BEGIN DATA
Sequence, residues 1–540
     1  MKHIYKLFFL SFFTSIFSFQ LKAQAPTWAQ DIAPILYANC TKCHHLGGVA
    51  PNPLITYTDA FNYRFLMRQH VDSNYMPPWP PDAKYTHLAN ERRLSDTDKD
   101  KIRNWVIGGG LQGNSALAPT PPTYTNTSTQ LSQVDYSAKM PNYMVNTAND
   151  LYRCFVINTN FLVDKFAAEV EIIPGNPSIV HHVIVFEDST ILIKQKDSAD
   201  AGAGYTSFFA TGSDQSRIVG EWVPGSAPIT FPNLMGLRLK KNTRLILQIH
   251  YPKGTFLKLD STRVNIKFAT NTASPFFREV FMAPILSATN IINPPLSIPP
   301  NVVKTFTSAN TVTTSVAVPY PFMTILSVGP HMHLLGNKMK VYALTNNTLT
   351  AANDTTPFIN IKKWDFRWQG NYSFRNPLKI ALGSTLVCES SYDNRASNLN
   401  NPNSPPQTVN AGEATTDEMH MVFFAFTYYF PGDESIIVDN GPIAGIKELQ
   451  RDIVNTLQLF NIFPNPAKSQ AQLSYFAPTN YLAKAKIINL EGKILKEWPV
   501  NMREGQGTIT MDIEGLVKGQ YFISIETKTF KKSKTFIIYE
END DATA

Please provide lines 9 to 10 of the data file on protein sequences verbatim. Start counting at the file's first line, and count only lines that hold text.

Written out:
   351  AANDTTPFIN IKKWDFRWQG NYSFRNPLKI ALGSTLVCES SYDNRASNLN
   401  NPNSPPQTVN AGEATTDEMH MVFFAFTYYF PGDESIIVDN GPIAGIKELQ